Ever since the 1920s the Kammerspiele has been one of the most important German language theatres, presenting world premieres of works by Friedrich Dürrenmatt, Frank Wedekind, Bertolt Brecht, Bruno Hübner, Axel von Ambesser, Fritz Kortner, Peter Stein, Franz Xaver Kroetz, Robert Wilson, George Tabori, Erwin Faber, Max Schreck and many other important artists and writers.
Originally, the Munich Kammerspiele was a private theatre in Schwabing, founded by Erich Ziegel in 1906. In 1917 Otto Falckenberg – “the maven of Expressionism” – became Artistic Director and moved the theatre into the Schauspielhaus in Maximilianstrasse in 1926, an Art Nouveau building designed by Richard Riemerschmid and Max Littmann. Ever since 1933 the theatre has been a municipal theatre and is therefore generously funded by the city of Munich.
Otto Falckenberg (1917-1944) produced and/or directed many important productions at the Kammerspiele which helped the theatre become the most important German language theatre outside of Berlin in the 1920s. His productions included the first staged play by Bertolt Brecht, Drums in the Night, in 1922, as well as dramas by Frank Wedekind, August Strindberg, and William Shakespeare.
After World War II, Erich Engel (1945-1947), Hans Schweikart (1947-1963), August Everding (1963-1973), Hans-Reinhard Müller (1973-1983), Dieter Dorn (1983-2001), Frank Baumbauer (2001-2009), and Johan Simons (2010-2015) served as Artistic Directors. The Kammerspiele experienced another heyday with Frank Baumbauer when Alkestis won the coveted Nestroy Award for the very first time in 2002 and Die Nibelungen, directed by Andreas Kriegenburg won the Best Production Award at the Berliner Theatertreffen in 2005. The theatre received the German Critics Award in 2008.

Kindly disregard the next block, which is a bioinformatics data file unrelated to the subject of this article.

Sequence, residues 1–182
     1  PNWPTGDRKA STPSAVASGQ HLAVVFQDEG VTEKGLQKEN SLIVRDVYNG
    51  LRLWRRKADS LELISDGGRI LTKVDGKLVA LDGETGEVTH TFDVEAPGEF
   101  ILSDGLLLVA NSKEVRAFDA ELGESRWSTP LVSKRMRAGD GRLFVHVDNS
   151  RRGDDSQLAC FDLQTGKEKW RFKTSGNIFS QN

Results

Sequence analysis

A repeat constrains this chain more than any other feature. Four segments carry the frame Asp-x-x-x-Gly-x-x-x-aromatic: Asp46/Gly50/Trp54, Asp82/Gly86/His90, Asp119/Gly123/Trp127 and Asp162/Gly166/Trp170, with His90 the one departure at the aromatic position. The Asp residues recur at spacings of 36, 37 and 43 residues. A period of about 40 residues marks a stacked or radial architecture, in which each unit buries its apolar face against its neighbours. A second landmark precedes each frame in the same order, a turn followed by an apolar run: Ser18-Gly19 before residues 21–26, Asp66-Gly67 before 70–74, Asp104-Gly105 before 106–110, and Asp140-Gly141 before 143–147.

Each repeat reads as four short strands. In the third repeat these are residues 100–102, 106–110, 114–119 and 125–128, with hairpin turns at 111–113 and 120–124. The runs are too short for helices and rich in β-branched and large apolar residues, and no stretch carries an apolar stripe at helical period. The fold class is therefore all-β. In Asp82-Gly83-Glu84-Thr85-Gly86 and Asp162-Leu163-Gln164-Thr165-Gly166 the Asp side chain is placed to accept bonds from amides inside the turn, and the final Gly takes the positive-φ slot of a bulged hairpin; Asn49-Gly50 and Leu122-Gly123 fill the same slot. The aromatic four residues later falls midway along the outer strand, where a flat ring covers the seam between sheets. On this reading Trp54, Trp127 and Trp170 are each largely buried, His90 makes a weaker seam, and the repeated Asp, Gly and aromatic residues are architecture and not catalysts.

Johan Simons took the Kammerspiele to new heights in 2013 when the theatre received a variety of awards by the important theatre magazine “Theater heute” (Theatre Today) and by a jury of critics – Theatre of the Year, Best Actor gongs for Sandra Hüller and Steven Scharf and a Best Young Actor award for Risto Kübar. Orpheus steigt herab (Orpheus Descending), directed by Sebastian Nübling, shared the Best Production award with three other plays.
Since 2015 Matthias Lilienthal, formerly Artistic Director of the HAU (Hebbel am Ufer) in Berlin, has been at the helm of the Munich Kammerspiele there has been some media controversy regarding the quality of his productions and his programming with several actors supposedly “escaping from this amateurish theatre”. However, this might have been hyped up news by the media more than a truthful representation of the true quality of this theatre.
I will be reviewing productions at the Munich Kammerspiele for Theatre Full Stop. The first production I have already reviewed – Nō Theater – did not disappoint as it was beautiful as well as challenging. English surtitles are provided for your viewing pleasure.
Written by Carolin Kopplin
To find out more about the Münchner Kammerspiele, visit here…